The world is demanding more energy and fewer emissions.
It’s a challenge that is anything but simple, but each day, thousands of ExxonMobil employees, including engineers and scientists, push the limits of technology to help solve it.
“We don’t believe that society has to choose between economic prosperity or reducing the risk of climate change,” said ExxonMobil Chairman and CEO Darren Woods at this year’s annual shareholder meeting. “We can do both, which is what we are working on.”
A look at the numbers shows why solving this challenge is so important. Specifically, the world’s population is expected to grow by 30 percent to 9 billion people over the next two decades. A growing portion of the world’s expanding population will join the middle class, and meeting their expectation for more comfortable lives requires safe and reliable energy. That’s why energy demand over that same time period is projected to jump by 25 percent.
But meeting that need doesn’t mean sacrificing emission reductions. It takes creative thinking by ExxonMobil researchers, which is why the company’s ability to find success starts with its people.
“Getting the ‘people part’ right is the foundation of everything we do,” Woods said. “We recruit talented people and retain the vast majority for an entire career. This provides us with a workforce of unsurpassed experience and industry knowledge.”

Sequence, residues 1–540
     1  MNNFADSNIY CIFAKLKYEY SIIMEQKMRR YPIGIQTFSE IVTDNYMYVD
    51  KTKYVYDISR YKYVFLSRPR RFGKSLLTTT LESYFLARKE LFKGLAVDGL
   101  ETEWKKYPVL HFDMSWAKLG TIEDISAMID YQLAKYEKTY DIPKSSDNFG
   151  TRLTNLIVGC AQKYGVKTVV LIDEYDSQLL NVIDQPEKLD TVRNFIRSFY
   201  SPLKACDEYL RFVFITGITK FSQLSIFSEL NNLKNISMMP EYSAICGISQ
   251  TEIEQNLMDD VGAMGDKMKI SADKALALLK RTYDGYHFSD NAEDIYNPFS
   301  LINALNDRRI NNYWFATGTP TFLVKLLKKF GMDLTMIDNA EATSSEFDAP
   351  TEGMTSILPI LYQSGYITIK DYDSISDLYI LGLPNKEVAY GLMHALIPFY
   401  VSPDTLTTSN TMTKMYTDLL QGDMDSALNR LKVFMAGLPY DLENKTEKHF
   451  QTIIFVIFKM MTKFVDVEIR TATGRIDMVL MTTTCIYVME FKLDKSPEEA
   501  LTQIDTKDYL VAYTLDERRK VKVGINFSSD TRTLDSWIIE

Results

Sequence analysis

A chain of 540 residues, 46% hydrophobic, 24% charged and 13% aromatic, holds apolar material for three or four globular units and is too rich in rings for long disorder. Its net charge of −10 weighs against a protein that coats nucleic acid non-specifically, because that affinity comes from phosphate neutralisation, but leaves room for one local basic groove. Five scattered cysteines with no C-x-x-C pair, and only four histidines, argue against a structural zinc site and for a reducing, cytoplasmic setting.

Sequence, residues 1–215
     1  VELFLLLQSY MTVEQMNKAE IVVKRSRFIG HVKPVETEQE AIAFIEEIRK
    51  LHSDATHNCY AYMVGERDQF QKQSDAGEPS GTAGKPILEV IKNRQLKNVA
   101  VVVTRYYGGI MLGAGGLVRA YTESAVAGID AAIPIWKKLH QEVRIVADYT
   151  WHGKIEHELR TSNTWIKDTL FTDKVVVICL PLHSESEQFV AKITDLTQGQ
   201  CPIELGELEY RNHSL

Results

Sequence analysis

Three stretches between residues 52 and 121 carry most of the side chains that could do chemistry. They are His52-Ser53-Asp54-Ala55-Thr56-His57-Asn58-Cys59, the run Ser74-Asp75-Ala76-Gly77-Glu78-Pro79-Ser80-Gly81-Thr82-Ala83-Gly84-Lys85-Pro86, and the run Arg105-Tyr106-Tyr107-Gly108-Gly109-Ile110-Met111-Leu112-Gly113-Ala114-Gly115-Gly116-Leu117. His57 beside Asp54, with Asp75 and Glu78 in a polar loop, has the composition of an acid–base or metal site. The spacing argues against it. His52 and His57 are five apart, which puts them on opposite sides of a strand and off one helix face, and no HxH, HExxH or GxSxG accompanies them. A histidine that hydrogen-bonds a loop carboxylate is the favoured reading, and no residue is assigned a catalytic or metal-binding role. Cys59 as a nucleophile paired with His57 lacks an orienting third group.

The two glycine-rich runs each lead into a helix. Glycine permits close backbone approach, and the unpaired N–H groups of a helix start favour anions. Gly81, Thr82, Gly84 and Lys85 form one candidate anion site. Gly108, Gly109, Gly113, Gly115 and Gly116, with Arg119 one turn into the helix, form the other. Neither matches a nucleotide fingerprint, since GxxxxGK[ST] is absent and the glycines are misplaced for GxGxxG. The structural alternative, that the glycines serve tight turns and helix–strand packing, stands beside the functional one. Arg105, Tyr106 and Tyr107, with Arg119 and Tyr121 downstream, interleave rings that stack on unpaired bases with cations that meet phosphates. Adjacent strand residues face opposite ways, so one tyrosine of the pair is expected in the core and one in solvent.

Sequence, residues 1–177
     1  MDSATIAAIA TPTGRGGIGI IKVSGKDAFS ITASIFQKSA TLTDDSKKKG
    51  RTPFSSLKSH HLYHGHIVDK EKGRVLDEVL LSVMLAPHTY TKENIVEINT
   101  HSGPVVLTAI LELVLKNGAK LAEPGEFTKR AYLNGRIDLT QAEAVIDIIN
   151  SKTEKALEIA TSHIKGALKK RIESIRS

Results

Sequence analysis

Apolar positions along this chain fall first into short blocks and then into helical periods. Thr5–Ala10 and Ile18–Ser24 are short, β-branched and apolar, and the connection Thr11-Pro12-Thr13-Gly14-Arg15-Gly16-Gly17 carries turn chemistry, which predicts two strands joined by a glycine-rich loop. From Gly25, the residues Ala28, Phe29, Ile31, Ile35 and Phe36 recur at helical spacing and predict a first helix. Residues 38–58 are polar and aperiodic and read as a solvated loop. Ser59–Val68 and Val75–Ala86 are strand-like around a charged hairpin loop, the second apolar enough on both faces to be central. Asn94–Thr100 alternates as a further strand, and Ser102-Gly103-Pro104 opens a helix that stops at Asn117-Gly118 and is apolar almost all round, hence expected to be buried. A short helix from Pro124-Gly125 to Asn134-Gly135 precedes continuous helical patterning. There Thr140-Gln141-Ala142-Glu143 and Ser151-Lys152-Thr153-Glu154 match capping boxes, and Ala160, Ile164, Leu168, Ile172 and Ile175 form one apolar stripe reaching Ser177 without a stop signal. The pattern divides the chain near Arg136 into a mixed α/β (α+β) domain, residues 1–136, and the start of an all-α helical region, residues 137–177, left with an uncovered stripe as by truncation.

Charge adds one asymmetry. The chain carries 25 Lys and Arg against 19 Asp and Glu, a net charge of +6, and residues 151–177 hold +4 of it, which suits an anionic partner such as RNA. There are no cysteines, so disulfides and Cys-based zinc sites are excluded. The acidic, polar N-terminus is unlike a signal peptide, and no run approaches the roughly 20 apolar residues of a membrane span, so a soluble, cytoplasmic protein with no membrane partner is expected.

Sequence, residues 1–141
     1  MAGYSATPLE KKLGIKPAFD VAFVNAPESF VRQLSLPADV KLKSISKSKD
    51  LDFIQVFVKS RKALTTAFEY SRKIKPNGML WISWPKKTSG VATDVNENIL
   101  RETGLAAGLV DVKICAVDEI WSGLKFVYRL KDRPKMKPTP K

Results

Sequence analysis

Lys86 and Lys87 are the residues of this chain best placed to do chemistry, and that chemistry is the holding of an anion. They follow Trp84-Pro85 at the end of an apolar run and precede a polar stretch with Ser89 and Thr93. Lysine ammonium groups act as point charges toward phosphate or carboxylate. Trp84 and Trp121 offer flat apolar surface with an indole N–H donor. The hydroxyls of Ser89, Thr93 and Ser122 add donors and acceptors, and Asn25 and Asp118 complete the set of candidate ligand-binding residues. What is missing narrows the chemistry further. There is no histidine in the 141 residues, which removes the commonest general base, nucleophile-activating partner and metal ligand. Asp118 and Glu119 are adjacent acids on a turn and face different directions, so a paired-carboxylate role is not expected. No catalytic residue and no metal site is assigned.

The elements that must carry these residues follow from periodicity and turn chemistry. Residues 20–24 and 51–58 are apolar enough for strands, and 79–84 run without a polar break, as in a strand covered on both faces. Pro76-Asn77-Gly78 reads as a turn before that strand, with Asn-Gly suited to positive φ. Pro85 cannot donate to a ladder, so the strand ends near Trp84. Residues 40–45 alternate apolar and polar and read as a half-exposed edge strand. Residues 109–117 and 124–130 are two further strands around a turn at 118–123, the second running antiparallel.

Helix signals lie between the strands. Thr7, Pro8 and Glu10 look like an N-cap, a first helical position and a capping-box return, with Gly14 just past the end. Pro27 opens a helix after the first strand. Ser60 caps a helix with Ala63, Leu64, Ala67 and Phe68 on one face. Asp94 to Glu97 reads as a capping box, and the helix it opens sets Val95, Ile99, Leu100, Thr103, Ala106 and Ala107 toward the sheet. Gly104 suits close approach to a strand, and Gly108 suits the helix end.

Already, ExxonMobil is on track to reduce its methane emissions by 15 percent and flaring by 25 percent by 2020. Since 2000, the company has invested more than $9 billion on lower-emission research and development.
In addition, the company continues to work with outside partners like Viridos (formerly Synthetic Genomics, Inc.) on algae biofuels, and with more than 80 universities around the world on other initiatives. Most recently, ExxonMobil announced a $100 million investment in the U.S. Department of Energy’s National Laboratories to advance fundamental research and help scale up lower-emission technologies.
That work is critical in providing cleaner, more abundant energy.